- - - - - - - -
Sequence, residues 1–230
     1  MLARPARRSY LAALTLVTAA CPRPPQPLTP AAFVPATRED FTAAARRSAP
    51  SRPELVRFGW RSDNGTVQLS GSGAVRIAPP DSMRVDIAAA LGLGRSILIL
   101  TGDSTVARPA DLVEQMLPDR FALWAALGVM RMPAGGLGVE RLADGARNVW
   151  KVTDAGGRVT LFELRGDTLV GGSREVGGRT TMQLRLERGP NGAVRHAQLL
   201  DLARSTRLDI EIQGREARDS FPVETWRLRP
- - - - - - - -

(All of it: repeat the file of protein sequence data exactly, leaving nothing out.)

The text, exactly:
Sequence, residues 1–230
     1  MLARPARRSY LAALTLVTAA CPRPPQPLTP AAFVPATRED FTAAARRSAP
    51  SRPELVRFGW RSDNGTVQLS GSGAVRIAPP DSMRVDIAAA LGLGRSILIL
   101  TGDSTVARPA DLVEQMLPDR FALWAALGVM RMPAGGLGVE RLADGARNVW
   151  KVTDAGGRVT LFELRGDTLV GGSREVGGRT TMQLRLERGP NGAVRHAQLL
   201  DLARSTRLDI EIQGREARDS FPVETWRLRP